Chan says the ability and speed to adopt new learning technology naturally varies between age cohorts, so he urges employers to utilise different learning methods and content styles for both push and pull training.
For example, when providing a learning program for millennials, companies need to be aware that millennials are very likely to adopt a consumerised learning approach, which means that they proactively reach out to search content, but the consumption is fast and sometimes fragmented as they have a short attention span when viewing the content, and they usually do it on the go with mobile devices. Gamifi cation is another key element to consider blending into content design. Gamification content engages millennial learners in ways that static and formal content cannot achieve.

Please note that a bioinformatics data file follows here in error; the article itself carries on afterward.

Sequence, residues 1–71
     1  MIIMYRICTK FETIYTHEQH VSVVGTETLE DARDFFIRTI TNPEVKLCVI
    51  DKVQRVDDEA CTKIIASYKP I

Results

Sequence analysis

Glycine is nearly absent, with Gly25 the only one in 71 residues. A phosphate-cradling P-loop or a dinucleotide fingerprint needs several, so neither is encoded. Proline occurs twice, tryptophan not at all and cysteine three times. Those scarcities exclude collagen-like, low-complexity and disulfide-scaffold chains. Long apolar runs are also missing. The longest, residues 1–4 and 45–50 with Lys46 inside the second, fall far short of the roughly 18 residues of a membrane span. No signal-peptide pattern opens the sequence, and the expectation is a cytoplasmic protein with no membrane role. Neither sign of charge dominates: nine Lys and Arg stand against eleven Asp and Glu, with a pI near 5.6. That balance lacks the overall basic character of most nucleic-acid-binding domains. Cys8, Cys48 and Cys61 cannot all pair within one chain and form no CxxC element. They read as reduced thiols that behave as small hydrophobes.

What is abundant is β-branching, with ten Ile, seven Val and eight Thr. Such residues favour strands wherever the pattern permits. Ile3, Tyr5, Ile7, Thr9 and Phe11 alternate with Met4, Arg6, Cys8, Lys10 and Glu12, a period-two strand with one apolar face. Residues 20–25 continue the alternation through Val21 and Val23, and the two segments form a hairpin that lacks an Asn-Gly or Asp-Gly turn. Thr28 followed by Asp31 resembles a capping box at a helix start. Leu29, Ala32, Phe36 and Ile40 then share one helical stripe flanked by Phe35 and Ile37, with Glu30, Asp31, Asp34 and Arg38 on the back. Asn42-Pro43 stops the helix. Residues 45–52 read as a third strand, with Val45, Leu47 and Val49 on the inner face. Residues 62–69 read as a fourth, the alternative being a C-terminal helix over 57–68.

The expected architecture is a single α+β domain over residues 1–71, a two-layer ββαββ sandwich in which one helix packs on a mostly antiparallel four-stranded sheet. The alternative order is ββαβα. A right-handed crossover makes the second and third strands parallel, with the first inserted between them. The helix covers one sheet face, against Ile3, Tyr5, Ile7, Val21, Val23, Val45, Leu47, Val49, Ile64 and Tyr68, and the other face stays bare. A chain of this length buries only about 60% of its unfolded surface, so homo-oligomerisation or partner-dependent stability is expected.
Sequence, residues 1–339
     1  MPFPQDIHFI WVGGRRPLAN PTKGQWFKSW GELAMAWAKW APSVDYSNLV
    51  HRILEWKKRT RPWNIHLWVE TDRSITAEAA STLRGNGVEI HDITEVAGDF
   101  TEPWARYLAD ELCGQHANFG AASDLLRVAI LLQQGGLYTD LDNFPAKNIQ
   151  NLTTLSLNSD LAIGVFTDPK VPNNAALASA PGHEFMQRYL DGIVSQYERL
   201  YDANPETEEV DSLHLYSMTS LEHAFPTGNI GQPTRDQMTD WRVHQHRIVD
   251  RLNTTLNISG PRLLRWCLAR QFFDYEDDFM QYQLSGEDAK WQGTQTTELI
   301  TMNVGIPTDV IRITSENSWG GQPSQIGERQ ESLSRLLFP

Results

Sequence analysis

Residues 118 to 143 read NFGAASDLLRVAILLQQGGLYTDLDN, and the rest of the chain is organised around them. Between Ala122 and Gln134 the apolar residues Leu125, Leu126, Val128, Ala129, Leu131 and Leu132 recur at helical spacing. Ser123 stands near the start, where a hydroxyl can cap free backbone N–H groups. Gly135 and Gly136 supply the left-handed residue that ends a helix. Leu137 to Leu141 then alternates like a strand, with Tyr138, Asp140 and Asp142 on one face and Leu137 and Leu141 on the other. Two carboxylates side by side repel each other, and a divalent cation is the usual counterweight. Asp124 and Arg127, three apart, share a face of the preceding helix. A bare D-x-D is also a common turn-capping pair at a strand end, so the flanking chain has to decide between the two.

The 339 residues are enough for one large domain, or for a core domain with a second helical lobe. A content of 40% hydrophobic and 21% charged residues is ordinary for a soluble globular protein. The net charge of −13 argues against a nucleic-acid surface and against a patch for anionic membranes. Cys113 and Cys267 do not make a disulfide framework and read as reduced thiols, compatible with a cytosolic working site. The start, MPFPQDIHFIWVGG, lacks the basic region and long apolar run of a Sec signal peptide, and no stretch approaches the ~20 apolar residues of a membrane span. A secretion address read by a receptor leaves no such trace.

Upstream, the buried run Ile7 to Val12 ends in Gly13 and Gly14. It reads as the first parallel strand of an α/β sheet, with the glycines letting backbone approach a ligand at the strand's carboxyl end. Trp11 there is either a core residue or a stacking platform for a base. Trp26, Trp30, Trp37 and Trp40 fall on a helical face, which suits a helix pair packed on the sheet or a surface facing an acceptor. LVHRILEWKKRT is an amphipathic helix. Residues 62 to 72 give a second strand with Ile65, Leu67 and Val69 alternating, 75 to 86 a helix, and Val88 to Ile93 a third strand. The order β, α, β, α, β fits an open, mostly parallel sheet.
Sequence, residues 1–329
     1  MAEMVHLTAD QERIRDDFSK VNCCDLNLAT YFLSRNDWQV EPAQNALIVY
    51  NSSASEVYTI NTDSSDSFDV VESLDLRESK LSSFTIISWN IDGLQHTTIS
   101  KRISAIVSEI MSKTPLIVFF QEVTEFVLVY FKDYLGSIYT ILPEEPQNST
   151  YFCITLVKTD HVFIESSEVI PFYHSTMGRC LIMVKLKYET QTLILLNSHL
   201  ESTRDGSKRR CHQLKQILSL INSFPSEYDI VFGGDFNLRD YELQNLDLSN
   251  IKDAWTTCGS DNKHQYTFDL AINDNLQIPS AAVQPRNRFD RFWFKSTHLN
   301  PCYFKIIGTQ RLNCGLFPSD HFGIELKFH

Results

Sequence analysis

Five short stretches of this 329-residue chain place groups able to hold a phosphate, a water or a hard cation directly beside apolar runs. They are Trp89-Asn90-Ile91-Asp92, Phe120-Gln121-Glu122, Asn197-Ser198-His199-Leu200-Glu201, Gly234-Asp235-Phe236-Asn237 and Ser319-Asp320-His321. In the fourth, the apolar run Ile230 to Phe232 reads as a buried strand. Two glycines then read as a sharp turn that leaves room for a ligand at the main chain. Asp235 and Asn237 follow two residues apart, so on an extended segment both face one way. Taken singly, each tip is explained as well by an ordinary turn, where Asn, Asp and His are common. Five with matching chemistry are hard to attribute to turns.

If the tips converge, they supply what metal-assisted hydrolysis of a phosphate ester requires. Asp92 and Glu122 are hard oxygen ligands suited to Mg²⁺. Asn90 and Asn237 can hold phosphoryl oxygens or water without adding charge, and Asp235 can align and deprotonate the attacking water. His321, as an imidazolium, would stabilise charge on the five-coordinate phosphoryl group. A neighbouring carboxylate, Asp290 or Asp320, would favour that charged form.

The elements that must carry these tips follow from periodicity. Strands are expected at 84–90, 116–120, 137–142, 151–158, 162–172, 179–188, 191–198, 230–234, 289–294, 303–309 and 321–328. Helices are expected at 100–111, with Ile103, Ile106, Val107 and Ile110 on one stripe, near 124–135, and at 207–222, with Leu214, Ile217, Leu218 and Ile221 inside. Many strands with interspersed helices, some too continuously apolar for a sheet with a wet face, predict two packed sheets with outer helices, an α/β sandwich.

HR should also be mindful of accepting generational stereotypes.
“While we hear a lot about digital natives and millennials, it is the generation of baby boomers that has the expertise, experience and is often in positions of leadership,” Chan says. “Organisations can leverage these employees as valuable learning assets in their learning platform and get them to collaborate with other employees to share, exchange and regenerate skills and knowledge.”
By leveraging their learning platform, employers can also capture the knowledge and skills from their baby boomers. “The fact that millennials can do things faster than previous generations does not necessarily mean that they have the knowledge to do the right things,” Chan says.
Identifying and closing skills gaps
As the pace of change is so rapid in the business world, all employees must keep their skills sharp. Employers naturally play a key role in identifying and then closing these skill gaps.
For example, many organisations have well-established graduate recruitment and trainee programs to help fresh graduates transition from tertiary education to the commercial world. This has been the case in vocational and non-vocational areas.